Reference favoring primitive class heap allocations

Remi Forax forax at
Wed Sep 1 21:06:50 UTC 2021

----- Original Message -----
> From: "Stig Rohde Døssing" <stigdoessing at>
> To: "valhalla-dev" <valhalla-dev at>
> Sent: Mercredi 1 Septembre 2021 12:43:46
> Subject: Reference favoring primitive class heap allocations

> Hi,


> JEP 401 describes that current value-based classes will be made reference
> favoring to avoid breaking existing code. Optional is one of these. I'm
> trying to understand the impact this will have on existing APIs with
> respect to heap allocation.
> Please assume for the following code snippets that ordinary scalar
> replacement does not apply.
> As I understand it, code like
> Optional.val of(T item) { new Optional.val(item) }
> Optional.val<String> s = of("Hello")
> would tell the JVM that the Optional does not necessarily have to go on the
> heap, but could maybe go on the stack or in registers instead.
> When "of" is instead defined with the reference type, as in
> Optional of(T item) { new Optional(item) }
> Optional.val<String> s = of("Hello")
> will the Optional always go on the heap?
> Also is the plan to be able to avoid the heap for return values, or will
> the return value of
> Optional.val of(T item)
> always go on the heap unless "of" happens to be inlined?
> Thanks for reading.

Nope, there is only one way to create an object which is a primitive class.

Let's use an analogy, an ArrayList<String> at runtime can be typed as List<?> or as List<String>, but it's the same ArrayList at runtime.

With primitive classes, it works the same way, a primitive class is always a primitive class at runtime,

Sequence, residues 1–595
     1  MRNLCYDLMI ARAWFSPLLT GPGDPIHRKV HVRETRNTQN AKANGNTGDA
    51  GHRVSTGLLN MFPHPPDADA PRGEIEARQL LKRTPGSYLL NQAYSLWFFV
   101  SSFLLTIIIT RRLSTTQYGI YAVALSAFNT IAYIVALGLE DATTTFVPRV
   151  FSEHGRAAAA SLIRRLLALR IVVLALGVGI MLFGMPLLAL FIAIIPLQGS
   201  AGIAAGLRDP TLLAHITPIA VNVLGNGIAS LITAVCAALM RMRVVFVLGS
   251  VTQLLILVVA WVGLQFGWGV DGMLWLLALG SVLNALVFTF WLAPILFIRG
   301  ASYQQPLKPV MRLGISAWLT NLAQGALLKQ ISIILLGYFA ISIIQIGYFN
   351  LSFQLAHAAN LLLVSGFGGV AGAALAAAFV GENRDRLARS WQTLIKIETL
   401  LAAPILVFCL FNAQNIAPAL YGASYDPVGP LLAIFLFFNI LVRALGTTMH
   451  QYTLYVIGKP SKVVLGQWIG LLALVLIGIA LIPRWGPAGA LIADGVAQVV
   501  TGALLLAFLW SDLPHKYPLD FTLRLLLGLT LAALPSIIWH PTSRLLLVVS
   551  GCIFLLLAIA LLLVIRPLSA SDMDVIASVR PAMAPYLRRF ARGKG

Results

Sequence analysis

there is no two different ways to create a primitive class, there is only one way (to call the factory method named <new> of Optional).
What is different, is that a primitive class can be typed in two different ways, as an Optional.val or as an Optional.ref,
those two types mean different things in term of storage for a field, an array element or a local variable.

  For fields and array elements, all the fields (if there are not too many) of T.val are stored in the container of the T.val (the class or the array containing the T.val)
  For a local variable, T.val means that the VM will use registers (or spill the values on stack due to the register allocator) independently of the inlining algorithm.  

  For fields and array elements, a T.ref is stored as a reference (on heap).
  For a local variable, T.ref means that inside the inlining horizon, the VM can optimize the code using escape inlining with late rematerialization, so better than a classical reference because a primitive class has no identity (in practice it's a little more complicated because you don't want to inflate/deflate the same object inside the inlining horizon).

I hope it answers to your questions.


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